Project: Astley Castle / Construction of a new house within the remains of a Grade II* listed historic structure
Architects: Witherford Watson Mann Architects
Location: Astley, Warwickshire, UK
Client: The Landmark Trust
Consultant: Price & Myers structural engineers
Contract value: £1.25m
Gross external area: 285m2
Photography: Héléne Binet
RIBA Stirling Prize 2013;
Fritz Höger Preis für Backstein-Architektur 2014 (Transformation Category)
In a competition of ideas, Witherford Watson Mann Architects were chosen to give a new life to Astley Castle, an old fortified manor in Warwickshire, proprietary of the royal family.
Astley Castle is a remote site with rich historic resonance: a moated castle, lake, church and the ghost of pleasure gardens are grouped around a shallow ridge. After decades of decline and decay, the project opens this private estate for public access through a network of new pathways and salvages the ruins of the castle, binding them into a vivid new house for the Landmark Trust.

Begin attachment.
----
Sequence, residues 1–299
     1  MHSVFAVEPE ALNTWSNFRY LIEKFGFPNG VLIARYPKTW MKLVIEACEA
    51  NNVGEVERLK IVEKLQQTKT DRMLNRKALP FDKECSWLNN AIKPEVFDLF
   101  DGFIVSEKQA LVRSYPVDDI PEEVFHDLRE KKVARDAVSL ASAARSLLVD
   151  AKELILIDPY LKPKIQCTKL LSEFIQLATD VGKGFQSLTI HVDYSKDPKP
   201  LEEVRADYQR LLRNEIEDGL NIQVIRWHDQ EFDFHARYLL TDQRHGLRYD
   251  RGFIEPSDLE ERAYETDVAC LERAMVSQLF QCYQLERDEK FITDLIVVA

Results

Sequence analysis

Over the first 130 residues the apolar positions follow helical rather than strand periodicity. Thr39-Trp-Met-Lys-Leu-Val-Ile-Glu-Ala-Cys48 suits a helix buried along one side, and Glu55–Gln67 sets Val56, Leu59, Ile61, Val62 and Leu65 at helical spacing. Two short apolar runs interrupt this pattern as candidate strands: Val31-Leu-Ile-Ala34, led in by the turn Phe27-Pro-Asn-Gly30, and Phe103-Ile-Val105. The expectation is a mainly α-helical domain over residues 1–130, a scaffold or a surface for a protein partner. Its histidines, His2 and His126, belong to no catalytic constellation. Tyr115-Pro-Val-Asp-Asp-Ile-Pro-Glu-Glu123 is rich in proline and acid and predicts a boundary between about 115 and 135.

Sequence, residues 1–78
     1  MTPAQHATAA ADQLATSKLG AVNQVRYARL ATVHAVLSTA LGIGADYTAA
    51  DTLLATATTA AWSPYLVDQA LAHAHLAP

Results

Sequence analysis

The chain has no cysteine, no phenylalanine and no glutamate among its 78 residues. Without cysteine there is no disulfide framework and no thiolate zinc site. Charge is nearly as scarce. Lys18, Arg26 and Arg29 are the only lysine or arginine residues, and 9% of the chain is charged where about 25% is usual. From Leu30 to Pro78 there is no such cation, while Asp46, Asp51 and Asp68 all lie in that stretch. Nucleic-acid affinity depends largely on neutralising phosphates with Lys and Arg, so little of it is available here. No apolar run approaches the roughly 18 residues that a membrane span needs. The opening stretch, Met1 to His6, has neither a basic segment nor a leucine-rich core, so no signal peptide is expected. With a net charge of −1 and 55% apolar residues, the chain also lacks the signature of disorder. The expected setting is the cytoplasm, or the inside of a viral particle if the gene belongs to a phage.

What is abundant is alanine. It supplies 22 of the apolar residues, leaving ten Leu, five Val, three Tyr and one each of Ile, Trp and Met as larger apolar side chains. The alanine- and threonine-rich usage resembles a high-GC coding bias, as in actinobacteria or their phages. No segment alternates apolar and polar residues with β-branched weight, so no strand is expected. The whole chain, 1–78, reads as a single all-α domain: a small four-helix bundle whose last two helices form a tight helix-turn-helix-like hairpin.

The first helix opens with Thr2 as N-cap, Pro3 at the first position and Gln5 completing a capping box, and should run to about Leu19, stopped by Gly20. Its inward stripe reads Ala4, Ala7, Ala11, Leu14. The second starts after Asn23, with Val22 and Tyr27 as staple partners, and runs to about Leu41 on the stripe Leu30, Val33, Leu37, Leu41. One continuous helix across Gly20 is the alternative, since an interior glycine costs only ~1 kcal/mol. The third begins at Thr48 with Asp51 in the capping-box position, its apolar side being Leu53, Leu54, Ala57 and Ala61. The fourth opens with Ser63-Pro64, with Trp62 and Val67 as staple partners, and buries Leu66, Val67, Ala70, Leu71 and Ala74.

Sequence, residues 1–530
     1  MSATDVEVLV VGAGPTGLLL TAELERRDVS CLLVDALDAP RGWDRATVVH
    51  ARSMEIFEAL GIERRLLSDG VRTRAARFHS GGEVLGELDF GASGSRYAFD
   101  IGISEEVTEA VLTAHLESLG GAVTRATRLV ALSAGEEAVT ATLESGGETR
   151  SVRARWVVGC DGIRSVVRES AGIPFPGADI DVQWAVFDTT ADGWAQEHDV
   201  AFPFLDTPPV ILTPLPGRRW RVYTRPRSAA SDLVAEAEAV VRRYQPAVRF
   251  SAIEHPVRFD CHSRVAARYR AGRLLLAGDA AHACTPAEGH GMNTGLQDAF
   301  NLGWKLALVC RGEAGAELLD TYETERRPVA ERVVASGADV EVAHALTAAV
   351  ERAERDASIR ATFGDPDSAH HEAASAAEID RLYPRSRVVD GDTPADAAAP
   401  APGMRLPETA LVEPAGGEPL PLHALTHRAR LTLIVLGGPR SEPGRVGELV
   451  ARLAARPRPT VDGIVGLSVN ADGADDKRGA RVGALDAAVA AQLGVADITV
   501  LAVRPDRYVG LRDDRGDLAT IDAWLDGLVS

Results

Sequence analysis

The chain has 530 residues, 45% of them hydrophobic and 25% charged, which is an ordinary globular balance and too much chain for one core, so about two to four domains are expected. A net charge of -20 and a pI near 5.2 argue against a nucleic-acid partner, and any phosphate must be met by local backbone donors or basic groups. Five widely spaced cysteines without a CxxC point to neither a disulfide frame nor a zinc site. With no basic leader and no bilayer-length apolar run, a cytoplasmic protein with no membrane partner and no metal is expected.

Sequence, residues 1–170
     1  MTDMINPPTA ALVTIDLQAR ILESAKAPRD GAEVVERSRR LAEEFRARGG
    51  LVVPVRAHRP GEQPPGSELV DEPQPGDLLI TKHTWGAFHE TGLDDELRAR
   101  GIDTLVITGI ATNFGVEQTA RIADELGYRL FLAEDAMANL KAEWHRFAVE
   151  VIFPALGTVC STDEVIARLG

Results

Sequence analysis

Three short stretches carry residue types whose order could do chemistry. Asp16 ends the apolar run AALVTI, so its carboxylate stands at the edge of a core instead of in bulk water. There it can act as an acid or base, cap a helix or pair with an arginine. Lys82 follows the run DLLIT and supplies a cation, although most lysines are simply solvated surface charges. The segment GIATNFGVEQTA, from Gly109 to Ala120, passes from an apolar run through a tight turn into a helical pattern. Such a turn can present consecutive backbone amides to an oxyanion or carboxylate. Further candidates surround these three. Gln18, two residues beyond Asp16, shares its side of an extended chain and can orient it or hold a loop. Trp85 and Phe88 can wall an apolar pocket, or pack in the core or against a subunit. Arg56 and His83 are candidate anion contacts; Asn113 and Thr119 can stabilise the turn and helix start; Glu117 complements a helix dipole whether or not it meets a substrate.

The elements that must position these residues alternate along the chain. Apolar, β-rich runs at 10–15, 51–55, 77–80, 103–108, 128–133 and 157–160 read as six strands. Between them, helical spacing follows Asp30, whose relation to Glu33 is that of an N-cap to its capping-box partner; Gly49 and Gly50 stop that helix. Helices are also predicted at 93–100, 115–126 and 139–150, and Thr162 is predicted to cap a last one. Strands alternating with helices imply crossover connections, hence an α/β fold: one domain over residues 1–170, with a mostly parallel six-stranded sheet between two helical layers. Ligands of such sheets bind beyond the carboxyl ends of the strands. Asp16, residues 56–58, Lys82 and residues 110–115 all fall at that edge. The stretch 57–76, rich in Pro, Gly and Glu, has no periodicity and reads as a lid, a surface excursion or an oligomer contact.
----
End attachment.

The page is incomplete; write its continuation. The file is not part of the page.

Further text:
Contemporary brick, concrete and timber construction sits directly on the medieval rubble walls, re-occupying the ancient manor house, while Tudor and Jacobean wings are retained as outdoor rooms. The large gashes in the ruined walls have been retained, making it an unusually light castle.
The house is animated by slashes of sunlight on stone walls and views over the ancient landscape. At the dining table, you look out from twelfth and twenty-first century construction to fifteenth and seventeenth century walls – the dialogue across the centuries frames conversations between friends.